‘With Malice Toward None’

Exhibit at New-York Historical Society reveals rich relationship between Abraham Lincoln and the Jews.

03/16/2015 - 20:00
Culture Editor

On June 2, 1864, President Abraham Lincoln issued a parole pass to Charles Jonas, a Confederate prisoner of war, to return to Illinois to see his father on his deathbed. The soldier arrived in Quincy just in time to see his father, Abraham Jonas, still alive.

Lincoln’s letter to Secretary of War Stanton on behalf C.M. Levy, who applied for the position of quartermaster.

‘It’s Magic, Turning These Pieces Into Gold’

Barbara Wolff brings medieval artistry to contemporary Hebrew manuscript design.

02/09/2015 - 19:00
Culture Editor

In the lush greens of a great Tabor oak tree, 24 species of birds perch in their finery, with a black stork, a great white egret and a black-crowned night heron poised in the reeds below, and a yellow-breasted bird in mid-air. The tree is indigenous to the Middle East, and each of these birds is native to the Land of Israel or part of the large migration of birds that flies over in the spring and fall.

“Among the branches they sing”: Wolff’s works illuminate Psalm 104. Courtesy of Morgan Library & Muse

The Make-up Of A Style Maker

Helena Rubinstein’s eclectic take on beauty on view at The Jewish Museum.

11/03/2014 - 19:00
Culture Editor

The Jewish Museum’s new exhibition, “Helena Rubinstein: Beauty is Power,” is about biography and art, telling an uncommon life story and showcasing the spectacular art collected over a lifetime and reassembled here. What links the personal history and 200 objects is Rubinstein’s own pioneering, eclectic and highly inclusive take on beauty.  

‘This Is About How Rich The Culture Was'

Filmmaker Péter Forgács re-orchestrates the poignant home movies taken by Polish-American Jews returning to the Old Country.

10/27/2014 - 20:00
Special To The Jewish Week

The faces look out at you, some shy, some defiant, some amused, some even downright playful. They are men and women, children and the elderly. It’s the late-1920s, the 1930s, these are Jews living in the Poland of the late-1920s and ’30, and although neither they nor the American citizens filming them know it, they are doomed. The images bespeak a flourishing culture, but by the end of the Second World War, 90 percent of Polish Jews will have been murdered by the Nazis and their accomplices.

The movies in “Letters to Afar” were filmed in such Polish shtetls as Kaluszyn and Kolbuszowa. Courtesy of YIVO Archive

Model Congregations

YU Museum gathers together its scale models of synagogues the world over.

09/15/2014 - 20:00
Special To The Jewish Week

Beginning this weekend, the Yeshiva University Museum is offering the opportunity to engage in Jewish tourism from its West 16th Street galleries.

A model of the Beit Alpha Synagogue from Israel’s Jezreel Valley. Courtesy of YU Museum

Two Outsiders Come In ‘From The Margins’

Abstract Expressionists Lee Krasner and Norman Lewis get a second look in Jewish Museum show.

09/15/2014 - 20:00
Special To The Jewish Week

The pairing of two paintings in The Jewish Museum’s 2008 blockbuster exhibition, “Action Abstraction,” made a lasting impression on many, including the exhibit’s curator, Norman Kleeblatt.

Norman Lewis’ “Twilight Sounds” (1947) are part of new Jewish Museum show. ©2014 The Pollack-Krasner Foundation/ARS

Words Matter, A Lot

Mel Bochner’s ‘Strong Language’ show challenges our notions about reading and seeing.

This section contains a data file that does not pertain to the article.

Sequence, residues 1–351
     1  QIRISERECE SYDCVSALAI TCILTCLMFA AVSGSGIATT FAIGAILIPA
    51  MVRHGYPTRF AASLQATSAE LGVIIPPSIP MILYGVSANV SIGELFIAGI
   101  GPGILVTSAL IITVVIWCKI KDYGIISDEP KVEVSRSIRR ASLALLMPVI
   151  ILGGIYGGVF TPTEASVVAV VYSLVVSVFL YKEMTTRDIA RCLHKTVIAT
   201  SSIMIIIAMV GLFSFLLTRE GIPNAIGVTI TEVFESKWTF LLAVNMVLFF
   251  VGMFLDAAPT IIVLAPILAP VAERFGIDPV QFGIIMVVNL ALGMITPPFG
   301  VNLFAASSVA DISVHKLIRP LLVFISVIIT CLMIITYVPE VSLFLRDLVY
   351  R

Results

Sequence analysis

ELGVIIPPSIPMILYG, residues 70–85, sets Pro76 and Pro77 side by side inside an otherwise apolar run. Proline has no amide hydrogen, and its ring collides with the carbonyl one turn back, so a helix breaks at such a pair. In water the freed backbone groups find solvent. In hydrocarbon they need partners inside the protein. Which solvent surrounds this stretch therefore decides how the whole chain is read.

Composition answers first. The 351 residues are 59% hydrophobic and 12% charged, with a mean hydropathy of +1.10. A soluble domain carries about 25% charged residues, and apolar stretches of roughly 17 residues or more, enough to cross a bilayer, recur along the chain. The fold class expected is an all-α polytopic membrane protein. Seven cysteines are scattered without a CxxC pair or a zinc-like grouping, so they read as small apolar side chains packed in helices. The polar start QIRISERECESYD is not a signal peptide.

05/19/2014 - 20:00
Culture Editor

Mel Bochner’s new show at The Jewish Museum involves a lot of reading. The more than 70 drawings and paintings are lists of synonyms, portraits conveyed with words, texts with philosophical leanings and emoticons, too.

Bochner’s “Language is Not Transparent.” Will Ragozzinno/The Jewish Museum

The Day Of Rest Reconsidered

HUC show invites artists to consider a new the idea of the Sabbath.

04/22/2014 - 20:00
Culture Editor

Carol Hamoy’s “Sabbath Bride” holds court in a corner of one gallery at the HUC Museum. She’s both stately and heimish. Covered with strips of lace, embroidery thread, buttons, pearls, mesh and feathers, this bride is a tailor’s drawer full of shimmering odds and ends layered on a headless torso. In the words of “Lecha Dodi,” sung on Friday nights, the Sabbath arrives as a bride and departs as a queen.

David Wander’s “Creation” menorah. Courtesy of HUC Museum

How The Nazis Defiled Art, Then Lives

A cruel connection between artwork and the artists who made it lies at the heart of ‘Degenerate Art’ show.

03/24/2014 - 20:00
Culture Editor

From the very beginning of the exhibition “Degenerate Art: The Attack on Modern Art in Nazi Germany, 1937,” the connection is made, and underscored, between the Nazis identifying artists whose work was unacceptable, destroying their art and wrecking their careers, and the Nazis (later) identifying people whose very being was unacceptable and murdering them. 

Ernst Ludwig Kirchner’s “A Group of Artists." Courtesy of MoMA/SCALA/Art Resource, NY

Rescued From Saddam’s Clutches

Trove of Iraqi Jewish treasures on view.

03/10/2014 - 20:00
Special To The Jewish Week

In 2003, when Coalition forces seized Baghdad, a group of American soldiers stumbled upon treasures from the Jewish community of Iraq. While the team had been sent to search for nuclear, biological and chemical weapons in Saddam Hussein’s intelligence building, what they found were nearly 3,000 books and documents that had originally come from synagogues and Jewish organizations. The items were submerged under four feet of water, and the reason they were there in the first place remains a mystery.

Items recovered from flooded basement of Saddam’s intelligence headquarters.  Photo courtesy of National Archives
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